Appellants argue that the Commitment Letters were incorporated into the Notes and thus the Letters' terms, including the Letters' references to refinancing, should be considered as part and parcel of the parties' agreement. The Letters were entirely incorporated into the Notes, it is contended, because the Notes "referred to" the Mortgage and the Mortgage "referred to" the First Commitment Letter. This overlooks the limited nature of the cross-references. None of the documents in question, nor anything else in the record, suggests that the parties intended to incorporate everything said in the Commitment Letters as conditions of the Notes. The Notes provided that Limehouse would be in default of the Note if it defaulted on its obligations under the Mortgage and Security Agreement. The Mortgage and Security Agreement stated that Limehouse must perform whatever obligations it had under the terms of the First Commitment Letter. Neither of these references says anything about the requirement of monthly interest payments, the provision of the Note as to which Limehouse defaulted. Nothing is anywhere said that a failure by the Bank to meet its purported refinancing assurances in the Commitment Letters will constitute a defense to the borrower's default upon the Notes.
The Notes are at least partially integrated agreements for purposes of the parol evidence rule. They appear on their face to express the parties' final agreement as to the terms for Limehouse's repayment of the funds advanced. See Interstate Indus. Uniform Rental Serv., Inc. v. Lepage Bakery, Inc., 413 A.2d 516, 519-20 (Me. 1980) (applying test for integrated agreements and stating that question of integration is determined by the court); Restatement (Second) of Contracts §§ 209, 210 (1981). Signed by both parties, the Notes contain detailed terms and conditions for repayment of the interest and principal of the loans, specifying schedules for repayment, penalties for late payments, calculation of the interest rate, and processes for handling defaults. See Restatement (Second) of Contracts § 209(3) ("Where the parties reduce an agreement to a writing which in view of its completeness and specificity reasonably appears to be a complete agreement, it is taken to be an integrated agreement unless it is established by other evidence that the writing did not constitute a final expression.") The lack of specificity in the Commitment Letters in addition to the time delay between issuance of the Letters and execution of the Notes (two weeks between the First Letter and First Note, four months between the Second Letter and Note) strongly suggests that the parties intended the Notes, not the Letters, to be the final expressions of the repayment terms.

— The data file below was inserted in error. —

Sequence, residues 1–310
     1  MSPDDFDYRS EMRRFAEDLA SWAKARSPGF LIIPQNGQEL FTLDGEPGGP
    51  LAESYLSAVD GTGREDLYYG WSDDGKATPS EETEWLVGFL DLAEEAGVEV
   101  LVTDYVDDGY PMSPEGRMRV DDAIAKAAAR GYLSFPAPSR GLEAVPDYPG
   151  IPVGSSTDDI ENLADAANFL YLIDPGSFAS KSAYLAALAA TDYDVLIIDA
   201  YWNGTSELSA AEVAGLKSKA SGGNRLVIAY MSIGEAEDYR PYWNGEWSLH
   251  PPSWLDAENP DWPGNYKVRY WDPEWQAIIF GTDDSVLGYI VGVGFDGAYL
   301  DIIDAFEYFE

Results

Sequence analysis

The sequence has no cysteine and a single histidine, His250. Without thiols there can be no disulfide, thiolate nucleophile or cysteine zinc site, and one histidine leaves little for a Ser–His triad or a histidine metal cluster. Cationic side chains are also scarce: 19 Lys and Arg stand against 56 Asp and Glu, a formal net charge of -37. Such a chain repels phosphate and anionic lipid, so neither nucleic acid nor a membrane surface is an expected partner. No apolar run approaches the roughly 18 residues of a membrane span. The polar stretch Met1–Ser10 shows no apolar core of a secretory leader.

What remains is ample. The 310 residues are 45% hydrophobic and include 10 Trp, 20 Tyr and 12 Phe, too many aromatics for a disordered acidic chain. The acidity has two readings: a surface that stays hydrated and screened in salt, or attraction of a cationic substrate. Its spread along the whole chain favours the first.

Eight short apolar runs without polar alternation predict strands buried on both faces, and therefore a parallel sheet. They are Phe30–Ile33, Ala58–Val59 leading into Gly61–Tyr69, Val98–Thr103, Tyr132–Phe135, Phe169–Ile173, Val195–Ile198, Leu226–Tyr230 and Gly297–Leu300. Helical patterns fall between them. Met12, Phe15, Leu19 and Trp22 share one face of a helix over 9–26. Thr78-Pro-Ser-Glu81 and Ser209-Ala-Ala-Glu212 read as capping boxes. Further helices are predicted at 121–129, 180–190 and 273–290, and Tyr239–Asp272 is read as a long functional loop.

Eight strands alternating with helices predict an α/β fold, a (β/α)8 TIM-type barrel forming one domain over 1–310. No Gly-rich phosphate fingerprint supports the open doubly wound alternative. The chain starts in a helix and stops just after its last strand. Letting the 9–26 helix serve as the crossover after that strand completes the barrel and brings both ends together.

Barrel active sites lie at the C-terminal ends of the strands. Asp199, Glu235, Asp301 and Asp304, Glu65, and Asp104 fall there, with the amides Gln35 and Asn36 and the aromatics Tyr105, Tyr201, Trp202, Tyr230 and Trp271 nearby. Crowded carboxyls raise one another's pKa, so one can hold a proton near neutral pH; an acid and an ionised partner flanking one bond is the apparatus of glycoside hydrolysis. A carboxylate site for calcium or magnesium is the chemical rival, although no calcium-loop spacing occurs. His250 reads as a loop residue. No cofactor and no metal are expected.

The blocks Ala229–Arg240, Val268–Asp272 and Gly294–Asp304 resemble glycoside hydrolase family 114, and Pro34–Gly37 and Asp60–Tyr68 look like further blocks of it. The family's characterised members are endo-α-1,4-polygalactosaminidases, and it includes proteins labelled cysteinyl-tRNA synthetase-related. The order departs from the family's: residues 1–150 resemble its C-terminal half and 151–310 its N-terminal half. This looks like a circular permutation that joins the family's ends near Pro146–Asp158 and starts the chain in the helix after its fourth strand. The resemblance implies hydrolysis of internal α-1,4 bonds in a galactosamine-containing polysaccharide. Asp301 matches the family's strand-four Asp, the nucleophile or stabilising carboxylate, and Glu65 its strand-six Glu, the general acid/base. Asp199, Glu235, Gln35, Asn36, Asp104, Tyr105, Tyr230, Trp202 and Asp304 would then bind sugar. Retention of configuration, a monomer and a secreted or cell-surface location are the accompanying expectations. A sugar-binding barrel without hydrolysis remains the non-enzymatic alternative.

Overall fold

"A binding integrated agreement discharges prior agreements to the extent that it is inconsistent with them." Restatement (Second) of Contracts § 213(1); Astor v. Boulos Co., 451 A.2d 903, 905 (Me. 1982) (applying Restatement § 213). If the references in the Commitment Letters to "refinancing" mean what appellants claim they mean that the parties agreed to make Limehouse's obligation to repay the loans contingent on refinancing of the debt then to that extent the Letters are inconsistent, prior agreements which are discharged by the partially integrated agreements, i.e., the Notes. See Astor, 451 A.2d at 905-06.
In connection with their counterclaims, appellants have urged that the Bank breached the terms of a binding contract when it failed to provide development financing and so caused an unspecified amount of financial damage to appellants. In support of this contention, appellants assert that the Bank "knew" and the parties "understood" that the Bank would make a development loan in the future. "Mere allegations, or conjecture unsupported in the record, are insufficient to raise a genuine issue of material fact." August, 981 F.2d at 580. To avoid summary judgment, they "must be able to point to specific, competent evidence" in support of their claims. Id.